True Power

True power comes from reverence. Reverence for this grand universe and everything it contains. And above all, true power comes from the reverence for your own soul. Recognizing this energy source within you is power that is internal and springs from within. It causes you to fly in the skies with wings of steel. It leads to an unbelievable lightness of the being. It is a power that no force in this universe can take away. When we come to serve to the needs of the soul that are required to re-create its balance, then we are on the path to evolution.

3 Kinds of Power at Workplace

Of the many types of power in the workplace, three stand out. First is the power of authority. This is the power that comes to you by virtue of your position. It is the power “over” others. It is the power given to the few by the many. Second is the power of knowledge. This is the power that accrues within individuals who have possession of unique information. The third type of power is the power from relationships. We may respond to an authority figure out of fear. We may respond to an expert out of respect. But, there is nothing greater than the power of a request from a person about whom we care personally. Such is the power of relationships.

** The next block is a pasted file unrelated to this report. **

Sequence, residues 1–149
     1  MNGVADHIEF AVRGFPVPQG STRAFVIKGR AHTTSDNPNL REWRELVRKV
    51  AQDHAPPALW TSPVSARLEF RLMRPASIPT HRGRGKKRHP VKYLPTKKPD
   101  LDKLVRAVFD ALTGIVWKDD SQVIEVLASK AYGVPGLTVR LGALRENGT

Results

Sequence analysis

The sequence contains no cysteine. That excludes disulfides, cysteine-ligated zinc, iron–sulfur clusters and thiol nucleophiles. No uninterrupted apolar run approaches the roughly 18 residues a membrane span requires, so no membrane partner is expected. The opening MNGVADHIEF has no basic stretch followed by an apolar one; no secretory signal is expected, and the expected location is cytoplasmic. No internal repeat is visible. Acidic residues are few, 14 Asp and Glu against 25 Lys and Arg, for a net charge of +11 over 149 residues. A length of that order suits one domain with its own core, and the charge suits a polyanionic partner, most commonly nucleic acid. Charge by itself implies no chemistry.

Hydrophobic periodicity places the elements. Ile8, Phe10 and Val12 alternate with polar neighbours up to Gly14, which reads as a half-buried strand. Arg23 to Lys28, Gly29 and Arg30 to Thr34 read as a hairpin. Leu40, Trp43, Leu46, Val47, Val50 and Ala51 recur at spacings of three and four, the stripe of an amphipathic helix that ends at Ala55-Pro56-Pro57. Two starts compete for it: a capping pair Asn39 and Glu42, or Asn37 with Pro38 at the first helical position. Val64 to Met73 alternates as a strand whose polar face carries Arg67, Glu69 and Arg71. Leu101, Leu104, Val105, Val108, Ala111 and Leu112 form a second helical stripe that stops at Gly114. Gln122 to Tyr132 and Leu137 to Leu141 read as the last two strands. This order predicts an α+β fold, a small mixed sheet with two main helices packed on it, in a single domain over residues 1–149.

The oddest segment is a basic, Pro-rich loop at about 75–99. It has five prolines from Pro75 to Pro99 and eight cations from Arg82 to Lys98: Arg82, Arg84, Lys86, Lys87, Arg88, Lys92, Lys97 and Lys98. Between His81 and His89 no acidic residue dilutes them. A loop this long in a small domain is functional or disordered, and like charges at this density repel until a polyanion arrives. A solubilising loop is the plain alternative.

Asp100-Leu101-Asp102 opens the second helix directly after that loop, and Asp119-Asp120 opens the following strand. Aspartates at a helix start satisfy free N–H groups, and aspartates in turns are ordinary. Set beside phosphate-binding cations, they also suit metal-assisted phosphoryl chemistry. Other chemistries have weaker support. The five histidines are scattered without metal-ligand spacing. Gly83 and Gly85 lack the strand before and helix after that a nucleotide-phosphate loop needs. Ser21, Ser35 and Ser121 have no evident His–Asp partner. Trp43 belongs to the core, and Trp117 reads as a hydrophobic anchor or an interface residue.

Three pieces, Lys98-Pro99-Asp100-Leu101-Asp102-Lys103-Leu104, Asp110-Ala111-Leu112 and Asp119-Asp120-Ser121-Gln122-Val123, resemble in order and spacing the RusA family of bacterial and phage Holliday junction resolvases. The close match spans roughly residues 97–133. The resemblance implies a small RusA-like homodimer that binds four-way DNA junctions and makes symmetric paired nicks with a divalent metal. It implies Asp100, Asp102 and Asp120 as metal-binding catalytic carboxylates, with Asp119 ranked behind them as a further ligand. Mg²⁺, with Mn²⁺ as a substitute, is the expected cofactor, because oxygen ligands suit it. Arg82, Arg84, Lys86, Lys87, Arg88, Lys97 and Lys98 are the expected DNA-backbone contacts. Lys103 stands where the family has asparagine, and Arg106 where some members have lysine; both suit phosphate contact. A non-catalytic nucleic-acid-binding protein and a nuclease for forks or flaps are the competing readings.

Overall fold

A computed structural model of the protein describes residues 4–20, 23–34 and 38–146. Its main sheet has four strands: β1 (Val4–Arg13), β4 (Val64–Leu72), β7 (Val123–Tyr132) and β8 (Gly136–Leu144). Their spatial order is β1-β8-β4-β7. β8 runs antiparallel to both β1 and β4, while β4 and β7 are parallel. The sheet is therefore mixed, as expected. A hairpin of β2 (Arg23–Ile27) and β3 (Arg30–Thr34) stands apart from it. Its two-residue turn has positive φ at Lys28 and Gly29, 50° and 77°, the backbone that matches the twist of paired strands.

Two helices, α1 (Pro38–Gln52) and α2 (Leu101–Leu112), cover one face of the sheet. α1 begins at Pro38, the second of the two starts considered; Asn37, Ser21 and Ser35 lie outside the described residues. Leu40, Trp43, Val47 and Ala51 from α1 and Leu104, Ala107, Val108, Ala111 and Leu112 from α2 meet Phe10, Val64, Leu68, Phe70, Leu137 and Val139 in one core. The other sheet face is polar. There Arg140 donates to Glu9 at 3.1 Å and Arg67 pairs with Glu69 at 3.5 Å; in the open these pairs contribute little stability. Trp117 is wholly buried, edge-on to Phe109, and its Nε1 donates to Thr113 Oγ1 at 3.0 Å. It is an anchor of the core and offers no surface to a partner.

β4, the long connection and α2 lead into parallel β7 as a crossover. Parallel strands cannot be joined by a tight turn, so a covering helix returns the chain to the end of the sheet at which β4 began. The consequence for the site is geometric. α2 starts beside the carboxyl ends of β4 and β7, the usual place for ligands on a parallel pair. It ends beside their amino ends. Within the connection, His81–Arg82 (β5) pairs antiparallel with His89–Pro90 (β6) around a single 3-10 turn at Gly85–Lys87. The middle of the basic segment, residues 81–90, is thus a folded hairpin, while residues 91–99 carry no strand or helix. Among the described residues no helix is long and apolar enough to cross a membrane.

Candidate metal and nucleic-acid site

Questions for YOU -

Take time out periodically to assess the kinds of power you’ve accumulated at work and in life.  Are these powers intrinsic or external? Do they make sense to you? Will they stand the test of time? Take the leaders you admire and examine where their power comes from. I hope you’ll find these questions interesting food for thought.

Happy journeys! And, best wishes to you for your careers.

Reference: Srini Chandra (3 Lives, in search of bliss)Pinal Dave (http://blog.sqlauthority.com)